Person-to-person payments catching on with banks
You’re out for dinner with a friend and the bill arrives. But, oops, you’re short on cash and can’t pay up.
Instead of hitting the ATM or writing a paper check to repay that friend’s loan, there’s now another option: log online to your bank and send a virtual check. All that’s required is the recipient’s e-mail address or cell phone number, where they receive a text notification.
It’s known as a person-to-person — or P2P — payment, and a growing number of banks and credit unions are rolling out the service.
Sort of like PayPal for personal banking, it lets you send and receive cash electronically without having to disclose or swap financial information with the recipient, whether it’s the baby sitter or your best buddy.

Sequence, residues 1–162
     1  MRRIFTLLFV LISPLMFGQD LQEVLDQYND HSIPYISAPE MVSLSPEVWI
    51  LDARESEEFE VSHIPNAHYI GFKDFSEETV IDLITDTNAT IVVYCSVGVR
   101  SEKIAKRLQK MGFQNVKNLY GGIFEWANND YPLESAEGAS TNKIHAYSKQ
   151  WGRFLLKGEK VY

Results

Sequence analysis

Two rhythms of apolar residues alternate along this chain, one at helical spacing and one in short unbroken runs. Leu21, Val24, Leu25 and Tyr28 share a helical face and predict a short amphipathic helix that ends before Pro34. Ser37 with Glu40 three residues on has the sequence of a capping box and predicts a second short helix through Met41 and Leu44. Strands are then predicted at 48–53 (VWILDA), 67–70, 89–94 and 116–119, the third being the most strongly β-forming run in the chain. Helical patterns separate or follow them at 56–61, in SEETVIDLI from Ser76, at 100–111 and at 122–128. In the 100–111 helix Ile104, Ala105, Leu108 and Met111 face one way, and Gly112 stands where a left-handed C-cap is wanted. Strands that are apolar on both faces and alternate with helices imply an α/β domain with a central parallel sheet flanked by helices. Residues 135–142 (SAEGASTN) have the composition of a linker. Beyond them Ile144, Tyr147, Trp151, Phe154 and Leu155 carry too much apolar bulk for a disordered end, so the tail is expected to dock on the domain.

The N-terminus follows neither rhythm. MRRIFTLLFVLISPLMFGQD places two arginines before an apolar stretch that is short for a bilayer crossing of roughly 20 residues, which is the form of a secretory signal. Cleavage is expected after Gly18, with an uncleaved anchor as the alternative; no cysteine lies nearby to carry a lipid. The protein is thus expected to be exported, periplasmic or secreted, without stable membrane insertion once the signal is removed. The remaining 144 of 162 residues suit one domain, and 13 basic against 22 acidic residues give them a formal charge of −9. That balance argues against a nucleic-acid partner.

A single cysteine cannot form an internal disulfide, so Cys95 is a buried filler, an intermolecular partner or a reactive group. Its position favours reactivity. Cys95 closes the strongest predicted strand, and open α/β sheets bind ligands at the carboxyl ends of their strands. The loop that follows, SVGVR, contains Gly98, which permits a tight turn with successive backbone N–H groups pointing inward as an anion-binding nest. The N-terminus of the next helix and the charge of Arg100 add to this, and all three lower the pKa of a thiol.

At this point, most P2P payments still have to be made and retrieved from a computer, using online banking access. But some banks are working on P2P for the iPhone and other smart phones.
Here are some of the other online and mobile money tools now available to consumers:
• Deposits by phone: JPMorgan Chase & Co. recently offered its iPhone mobile banking users the ability to deposit checks by phone, using the built-in camera to photograph a check before transmittal. A similar option is available from USAA banks, which primarily serve military members and their families. • Account alerts: Many banks and credit card companies let you sign up for text or e-mail alerts when your debit card is running low or you’re close to exceeding your credit card limit.
• ATM/branch locators: Smart phones let you find the nearest cash machine or walk-in branch.
• Personal financial management: Often offered free as part of online banking, it’s a Quicken-type budgeting tool that lets consumers monitor their spending among various bank accounts.
The online banking options will likely hasten the continuing decline of paper checks for noncash payments.